We are conditioned to think about ‘next things’. We are told that in order to get this job, or to earn that reward, we have certain steps that need to be taken. If we want a career in law, we attend law school in preparation. Then intern with established firms, take and pass the Bar, and start at the bottom with an expectation that we will move onto better things, once these mandated steps have been achieved.

We tell young people that they will not get ahead unless they have a university/college degree. As a result, the degrees are treated as means to increasingly-nebulous ends, rather than appreciated for the experience that they can bring into an enhanced life.

Thanks to the influence of biblical religions on our societies, we are all culturally predisposed to be driven by what comes next.

This propensity creeps into our language in a pretty constant and almost subliminal way. How often have you counted down the hours until the end of a day, the days until the weekend, or the weeks until vacation?

It’s part of our vernacular – our language and the way we communicate – to do so. Heck, there’s a US restaurant chain that’s named after this way of thinking (TGIFridays).

I do it when a day isn’t going as I might like, even when I should know better. I’m as guilty of watching the clock as the next person. When periods of work get intense – with deadlines looming – I reassure myself that if I just get through this task or this period of time then all will be well. And then I reward myself for reaching that milestone.

I work, essentially, as a cog in the machine of bureaucracy – driven by deadlines that are imposed by project managers who have no context and no interest in seeing beyond a ‘go live’ date that removes them from all responsibility for the ongoing operation of the project-at-hand. Project development decisions are made in accordance with siloed mandates, and thought out only until they become operational. After that event, the maintenance of the project is no longer the concern of those who were designated as the implementers of the plan. The ‘go live’ is the thing. Our workdays revolve around the timelines of PMs who just want to get the thing done so they no longer need to think about it and can move on to the next project.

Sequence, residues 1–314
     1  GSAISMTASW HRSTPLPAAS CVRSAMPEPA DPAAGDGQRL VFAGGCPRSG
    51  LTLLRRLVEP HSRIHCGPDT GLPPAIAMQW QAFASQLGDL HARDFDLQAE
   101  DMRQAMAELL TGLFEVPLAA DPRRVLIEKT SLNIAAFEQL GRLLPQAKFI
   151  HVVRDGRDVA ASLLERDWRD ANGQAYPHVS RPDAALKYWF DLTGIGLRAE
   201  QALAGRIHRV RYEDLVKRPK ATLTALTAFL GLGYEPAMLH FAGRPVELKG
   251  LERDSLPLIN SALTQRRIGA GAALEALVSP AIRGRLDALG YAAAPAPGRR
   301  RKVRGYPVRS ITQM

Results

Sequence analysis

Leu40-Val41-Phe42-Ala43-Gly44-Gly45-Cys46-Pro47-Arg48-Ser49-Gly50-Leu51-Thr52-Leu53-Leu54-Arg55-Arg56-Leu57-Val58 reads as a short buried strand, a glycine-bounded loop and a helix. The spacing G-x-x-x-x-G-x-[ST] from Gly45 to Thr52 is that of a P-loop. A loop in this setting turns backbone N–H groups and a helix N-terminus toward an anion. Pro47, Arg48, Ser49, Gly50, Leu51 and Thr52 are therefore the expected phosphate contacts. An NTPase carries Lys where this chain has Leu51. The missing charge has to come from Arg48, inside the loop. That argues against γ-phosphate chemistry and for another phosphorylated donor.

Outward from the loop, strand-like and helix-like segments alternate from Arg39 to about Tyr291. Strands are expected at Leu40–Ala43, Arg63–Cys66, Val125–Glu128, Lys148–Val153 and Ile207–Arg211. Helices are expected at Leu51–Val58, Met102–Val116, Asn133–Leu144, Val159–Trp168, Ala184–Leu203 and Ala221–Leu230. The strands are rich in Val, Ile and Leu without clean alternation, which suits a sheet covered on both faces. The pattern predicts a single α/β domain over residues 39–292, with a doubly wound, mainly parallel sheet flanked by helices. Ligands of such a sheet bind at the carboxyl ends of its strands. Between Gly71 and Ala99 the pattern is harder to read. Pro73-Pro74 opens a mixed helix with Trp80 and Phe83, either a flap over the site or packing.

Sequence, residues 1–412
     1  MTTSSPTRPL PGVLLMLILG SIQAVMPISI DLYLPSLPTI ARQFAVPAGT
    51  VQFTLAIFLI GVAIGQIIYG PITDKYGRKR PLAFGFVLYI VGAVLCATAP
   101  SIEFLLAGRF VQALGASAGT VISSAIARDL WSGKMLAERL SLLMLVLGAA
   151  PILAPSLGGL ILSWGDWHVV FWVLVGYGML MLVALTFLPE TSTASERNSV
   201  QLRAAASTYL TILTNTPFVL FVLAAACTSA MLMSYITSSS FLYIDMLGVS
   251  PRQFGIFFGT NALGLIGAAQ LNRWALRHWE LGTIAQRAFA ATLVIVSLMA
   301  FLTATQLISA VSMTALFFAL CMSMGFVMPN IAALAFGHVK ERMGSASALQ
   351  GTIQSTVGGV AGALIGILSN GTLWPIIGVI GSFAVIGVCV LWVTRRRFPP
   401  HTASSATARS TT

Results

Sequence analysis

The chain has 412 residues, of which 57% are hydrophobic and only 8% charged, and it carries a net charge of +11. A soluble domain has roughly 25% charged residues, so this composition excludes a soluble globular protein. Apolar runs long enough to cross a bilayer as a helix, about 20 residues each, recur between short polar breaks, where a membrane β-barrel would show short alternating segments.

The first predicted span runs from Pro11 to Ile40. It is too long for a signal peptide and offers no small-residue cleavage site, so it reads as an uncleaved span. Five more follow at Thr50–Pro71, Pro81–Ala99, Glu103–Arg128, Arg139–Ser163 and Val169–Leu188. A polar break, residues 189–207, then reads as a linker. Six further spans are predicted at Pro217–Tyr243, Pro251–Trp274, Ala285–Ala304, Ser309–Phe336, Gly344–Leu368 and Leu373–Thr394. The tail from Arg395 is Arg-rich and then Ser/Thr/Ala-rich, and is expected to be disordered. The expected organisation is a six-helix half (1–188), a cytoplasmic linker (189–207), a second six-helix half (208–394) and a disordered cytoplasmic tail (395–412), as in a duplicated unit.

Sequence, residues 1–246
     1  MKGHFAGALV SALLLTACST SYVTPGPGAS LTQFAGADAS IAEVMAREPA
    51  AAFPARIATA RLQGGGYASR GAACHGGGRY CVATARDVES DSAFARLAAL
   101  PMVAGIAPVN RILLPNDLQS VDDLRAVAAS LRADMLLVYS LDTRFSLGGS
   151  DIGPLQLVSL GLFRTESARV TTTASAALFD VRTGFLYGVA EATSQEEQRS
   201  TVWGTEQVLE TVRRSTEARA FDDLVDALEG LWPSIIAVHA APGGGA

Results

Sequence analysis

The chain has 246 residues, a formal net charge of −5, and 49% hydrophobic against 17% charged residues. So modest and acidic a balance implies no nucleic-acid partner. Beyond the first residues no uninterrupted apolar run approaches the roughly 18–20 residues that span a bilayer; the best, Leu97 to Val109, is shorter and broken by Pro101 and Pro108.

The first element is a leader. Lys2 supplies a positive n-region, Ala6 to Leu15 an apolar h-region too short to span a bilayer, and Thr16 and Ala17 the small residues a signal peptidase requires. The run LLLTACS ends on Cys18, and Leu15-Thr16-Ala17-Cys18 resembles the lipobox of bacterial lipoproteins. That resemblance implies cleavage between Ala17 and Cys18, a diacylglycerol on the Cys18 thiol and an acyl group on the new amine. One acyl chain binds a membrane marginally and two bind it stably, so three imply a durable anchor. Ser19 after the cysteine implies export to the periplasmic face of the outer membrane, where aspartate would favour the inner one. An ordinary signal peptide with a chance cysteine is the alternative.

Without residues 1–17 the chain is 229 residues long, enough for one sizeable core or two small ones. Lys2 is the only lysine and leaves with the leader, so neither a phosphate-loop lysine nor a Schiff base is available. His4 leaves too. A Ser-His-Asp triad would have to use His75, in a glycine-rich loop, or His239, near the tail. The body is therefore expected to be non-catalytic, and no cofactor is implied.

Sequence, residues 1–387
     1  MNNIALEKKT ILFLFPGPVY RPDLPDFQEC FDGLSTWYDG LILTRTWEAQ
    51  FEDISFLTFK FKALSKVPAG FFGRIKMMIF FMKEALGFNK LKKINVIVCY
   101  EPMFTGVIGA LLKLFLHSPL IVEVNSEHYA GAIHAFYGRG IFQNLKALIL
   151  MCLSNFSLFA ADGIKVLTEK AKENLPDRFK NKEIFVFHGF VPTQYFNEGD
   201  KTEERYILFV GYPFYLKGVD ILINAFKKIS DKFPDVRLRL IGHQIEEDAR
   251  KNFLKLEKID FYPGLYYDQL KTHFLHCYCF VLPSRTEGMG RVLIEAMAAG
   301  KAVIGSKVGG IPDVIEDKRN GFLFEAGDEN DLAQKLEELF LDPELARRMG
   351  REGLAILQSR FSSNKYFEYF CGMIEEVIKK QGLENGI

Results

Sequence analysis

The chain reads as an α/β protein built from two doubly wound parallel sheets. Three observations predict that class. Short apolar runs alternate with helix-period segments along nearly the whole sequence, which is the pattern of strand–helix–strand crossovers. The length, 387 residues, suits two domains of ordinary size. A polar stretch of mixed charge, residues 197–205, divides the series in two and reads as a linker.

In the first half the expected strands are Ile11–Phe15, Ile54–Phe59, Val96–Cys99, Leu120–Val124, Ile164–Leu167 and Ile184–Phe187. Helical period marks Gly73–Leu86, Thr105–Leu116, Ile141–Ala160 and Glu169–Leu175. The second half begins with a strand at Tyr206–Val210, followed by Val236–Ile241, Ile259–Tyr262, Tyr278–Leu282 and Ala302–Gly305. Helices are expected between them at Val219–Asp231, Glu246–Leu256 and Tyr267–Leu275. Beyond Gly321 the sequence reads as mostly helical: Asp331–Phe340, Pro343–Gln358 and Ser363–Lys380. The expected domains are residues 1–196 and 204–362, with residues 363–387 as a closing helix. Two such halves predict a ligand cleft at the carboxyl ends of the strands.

I function, daily, within this paradigm. It’s how I make a living, how I pay the mortgage, and (hopefully) save enough money that I can look forward to time away (temporarily – to my next vacation, and to the hope of eventual permanence – as a retiree) from contributing to the perpetual motion of the hamster wheel of government.

As human as this inclination to look with hope toward the future may be, it’s symptomatic of the fact that we slip into the habit of striving exclusively for the future and neglect to acknowledge the importance of the moment in which we are, right now, living.

Historically and sociologically, apocalyptic thinking develops as a response to the perceived disparity between expectations and societal realities. When we are unhappy in our current situations, we project a better, more hopeful scenario at a future date.

How passive is that? Ick. That does not sit well with me.

Especially when you consider that, in historical literary and religious traditions, the better scenario generally comes after a cataclysmic and status-changing event of some kind that trashes the social or cultural system that is causing the disconnect between expectations and reality (I suggest a recent example: the POTUS-elect actually, beyond all that is reasonable, getting elected). The new reality is posited to be one of justice – as perceived by the person who is unhappy with the current status quo. Religious apocalypses promise salvation as the aftermath of the period of trial and unhappiness. Provided you do the things that are mandated and follow the right order of things. No speaking out against the rules and regs or anything remotely rebellious in nature is permitted. Wait. Now wait a little longer, and the god will set things to rights. Just keep on doing what you were doing. Eventually the winds will shift in your direction.

Puh-lease.

We still think in these terms in our secular environments – even if all religious underpinnings seem to be removed. We are the product of millennia of this approach to dealing with societal realities – and it has become part of our inherent way of approaching our world.

And that makes me want to bite something.

For all that I love the myths that have been created in accordance with this particular worldview (some of the best stories are apocalyptic in nature), from a philosophical and personal perspective, it’s my least favourite literary construct. Apocalypticism, by its very nature, negates the life we are living now, promotes complacent acceptance of the status quo, and ignores the lessons of the past in favour of a better tomorrow that might come along at some point in the future. If you let the god/leader/narcissistic reality tv star do what s/he’s going to do.

Don’t get me wrong- it can be a very useful coping mechanism- when things are stressful and deadlines need to be met. It’s a well-used and generally effective management technique- “let’s get over this hump and then things will quiet down”. We’re all experiencing varying degrees of this kind of anxiety now – what with a sociopathic ignoramus untested and radically divisive individual about to be sworn in as POTUS. We are conditioned, by our myths and cultures, to think that we NEED, sometimes, to suffer in the moment so that the next things will be better.